Making a full page background video is slightly trickier than a full page background image. Over on the Media Temple blog, I take a look at how that's done, but then also what the design patterns are once you've done it. You likely need text over top the video, so do you center it? Do you let the page scroll and cover the video? Do you get fancy and fade out the header as you scroll?
Ire Aderinokun describes a frustrating problem that we’ve probably all noticed at one point or another:
Recently, I’ve found that some of my articles that are GIF-heavy tend to get incredibly slow. The reason for this is that each frame in a GIF is stored as a GIF image, which uses a lossless compression algorithm. This means that, during compression, no information is lost in the image at all, which of course results in a larger file size.
To solve the performance problem of GIFs on the web, there are a couple of things we can do.
Switching to the
<video> element seems to have the biggest impact on file size but there are other optimization tools if you have to stick with the GIF format.
There's a lot of neat tricks in this video by Rob Dodson where he focuses on accessibility tricks in Chrome's DevTools. A few notes:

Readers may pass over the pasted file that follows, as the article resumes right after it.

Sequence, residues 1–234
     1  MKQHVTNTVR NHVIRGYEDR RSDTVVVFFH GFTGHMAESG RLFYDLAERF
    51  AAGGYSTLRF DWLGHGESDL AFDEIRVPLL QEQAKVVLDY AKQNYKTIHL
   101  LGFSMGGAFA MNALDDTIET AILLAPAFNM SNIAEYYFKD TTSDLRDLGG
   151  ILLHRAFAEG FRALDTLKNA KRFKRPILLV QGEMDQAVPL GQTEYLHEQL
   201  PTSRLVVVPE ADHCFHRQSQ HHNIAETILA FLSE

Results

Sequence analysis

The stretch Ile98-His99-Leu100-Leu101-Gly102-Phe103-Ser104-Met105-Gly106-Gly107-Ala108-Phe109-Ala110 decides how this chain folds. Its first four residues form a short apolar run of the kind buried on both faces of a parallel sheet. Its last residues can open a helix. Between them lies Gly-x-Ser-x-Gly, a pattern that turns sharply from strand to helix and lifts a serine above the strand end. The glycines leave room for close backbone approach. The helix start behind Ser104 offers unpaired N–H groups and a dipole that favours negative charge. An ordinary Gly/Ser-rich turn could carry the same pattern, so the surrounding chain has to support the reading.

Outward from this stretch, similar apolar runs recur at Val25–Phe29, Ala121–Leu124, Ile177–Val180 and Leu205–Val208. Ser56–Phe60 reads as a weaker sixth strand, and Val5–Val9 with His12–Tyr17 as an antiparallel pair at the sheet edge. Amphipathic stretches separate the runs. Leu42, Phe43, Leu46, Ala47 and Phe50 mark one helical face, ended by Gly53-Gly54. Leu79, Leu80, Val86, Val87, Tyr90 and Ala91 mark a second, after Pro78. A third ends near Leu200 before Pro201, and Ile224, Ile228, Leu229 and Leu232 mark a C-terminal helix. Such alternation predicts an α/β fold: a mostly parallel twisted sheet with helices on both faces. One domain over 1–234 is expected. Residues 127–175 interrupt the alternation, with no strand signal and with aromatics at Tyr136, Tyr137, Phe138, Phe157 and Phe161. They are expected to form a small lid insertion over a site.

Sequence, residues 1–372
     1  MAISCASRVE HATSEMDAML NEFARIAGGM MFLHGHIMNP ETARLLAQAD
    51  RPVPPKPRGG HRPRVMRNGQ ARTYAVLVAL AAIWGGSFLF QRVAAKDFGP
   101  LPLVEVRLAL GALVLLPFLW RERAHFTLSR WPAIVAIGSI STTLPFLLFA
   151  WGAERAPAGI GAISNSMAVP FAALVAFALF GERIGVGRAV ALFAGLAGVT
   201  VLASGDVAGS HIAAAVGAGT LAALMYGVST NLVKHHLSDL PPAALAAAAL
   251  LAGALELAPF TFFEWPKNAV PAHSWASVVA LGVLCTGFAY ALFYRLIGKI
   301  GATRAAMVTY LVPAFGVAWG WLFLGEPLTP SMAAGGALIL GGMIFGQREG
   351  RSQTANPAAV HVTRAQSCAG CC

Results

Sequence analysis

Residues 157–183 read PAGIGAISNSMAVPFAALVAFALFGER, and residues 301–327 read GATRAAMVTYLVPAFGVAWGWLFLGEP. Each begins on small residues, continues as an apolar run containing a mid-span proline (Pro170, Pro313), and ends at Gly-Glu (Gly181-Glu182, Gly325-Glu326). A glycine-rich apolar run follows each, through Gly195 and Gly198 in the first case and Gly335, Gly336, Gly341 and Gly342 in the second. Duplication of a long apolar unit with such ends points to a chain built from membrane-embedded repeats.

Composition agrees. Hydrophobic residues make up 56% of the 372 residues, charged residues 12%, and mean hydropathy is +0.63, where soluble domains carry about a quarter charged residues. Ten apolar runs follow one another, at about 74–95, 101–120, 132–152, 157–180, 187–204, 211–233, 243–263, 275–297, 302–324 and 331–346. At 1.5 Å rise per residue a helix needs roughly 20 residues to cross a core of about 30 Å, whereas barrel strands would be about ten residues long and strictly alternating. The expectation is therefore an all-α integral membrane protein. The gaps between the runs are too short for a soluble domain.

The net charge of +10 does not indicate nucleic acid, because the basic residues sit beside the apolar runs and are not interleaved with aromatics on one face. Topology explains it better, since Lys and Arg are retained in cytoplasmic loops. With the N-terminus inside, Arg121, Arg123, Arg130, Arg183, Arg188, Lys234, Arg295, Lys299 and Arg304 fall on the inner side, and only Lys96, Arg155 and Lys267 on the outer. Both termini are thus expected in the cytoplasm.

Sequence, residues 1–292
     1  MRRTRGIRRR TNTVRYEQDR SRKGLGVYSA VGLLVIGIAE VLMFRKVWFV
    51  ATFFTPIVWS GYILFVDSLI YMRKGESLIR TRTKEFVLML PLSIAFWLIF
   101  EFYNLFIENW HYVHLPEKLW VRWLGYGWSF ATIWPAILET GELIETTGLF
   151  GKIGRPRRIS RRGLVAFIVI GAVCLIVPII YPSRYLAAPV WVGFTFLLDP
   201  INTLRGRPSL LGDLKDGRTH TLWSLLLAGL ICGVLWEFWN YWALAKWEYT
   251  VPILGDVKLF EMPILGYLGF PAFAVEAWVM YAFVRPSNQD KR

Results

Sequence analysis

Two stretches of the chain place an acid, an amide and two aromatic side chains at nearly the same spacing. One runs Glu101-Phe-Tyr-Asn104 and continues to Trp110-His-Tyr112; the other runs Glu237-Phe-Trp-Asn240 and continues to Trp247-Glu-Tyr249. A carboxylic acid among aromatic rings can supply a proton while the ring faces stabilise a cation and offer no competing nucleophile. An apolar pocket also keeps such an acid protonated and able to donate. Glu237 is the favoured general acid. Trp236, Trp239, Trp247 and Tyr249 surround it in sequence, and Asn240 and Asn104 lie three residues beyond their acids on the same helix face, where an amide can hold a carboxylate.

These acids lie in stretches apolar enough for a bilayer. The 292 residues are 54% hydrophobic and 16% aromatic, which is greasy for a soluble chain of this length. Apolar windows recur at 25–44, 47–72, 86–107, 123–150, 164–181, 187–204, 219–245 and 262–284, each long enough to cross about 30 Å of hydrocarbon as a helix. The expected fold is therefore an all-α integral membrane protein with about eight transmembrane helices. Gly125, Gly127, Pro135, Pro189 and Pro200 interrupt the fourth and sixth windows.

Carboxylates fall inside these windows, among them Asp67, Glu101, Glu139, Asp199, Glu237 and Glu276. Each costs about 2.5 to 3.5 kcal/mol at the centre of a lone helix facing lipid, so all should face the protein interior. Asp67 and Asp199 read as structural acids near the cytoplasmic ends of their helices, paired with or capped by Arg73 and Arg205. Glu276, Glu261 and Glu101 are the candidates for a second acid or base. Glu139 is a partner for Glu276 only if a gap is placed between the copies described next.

- Chrome DevTools has an experimental feature to help with accessibility testing that you can unlock if you head to
chrome://flags/and turn on in the DevTools settings.
- Wrapping an
<input type="checkbox">in a
<label>gives the input a name of the text in the label, even without a
aria-labelledbyattribute overrides the name of the element with the text taken from a different element, referenced by ID. It can even compose a name together from multiple elements, including itself.
tabindex='0'to an element will make it focusable.
This is pretty big news: earlier today the WebKit team announced that iOS 10 will now support silent
<video> elements with the
autoplay attribute, which is a big deal for performance. Jer Noble describes the update in much more detail:
It turns out that people these days really like GIFs. But the GIF format turns out to be a very expensive way to encode animated images when compared to a modern video codec like H.264. We’ve found that GIFs can be up to twelve times as expensive in bandwidth and twice as expensive in energy use. It’s so expensive that many of the largest GIF providers have been moving away from GIFs and toward the
<video>element. Since most of these GIFs started out their lives as video clips, were converted into animated GIFs, and were again converted back to video clips, you might say that the circle is complete.
He has three principles for being a good citizen of the web:
- Identify core functionality of your website.
- Make that available using the simplest technology.
Bonus conference talk! Our own Sarah Drasner at ForwardJS Summit with SVG and GreenSock for Complex Animation.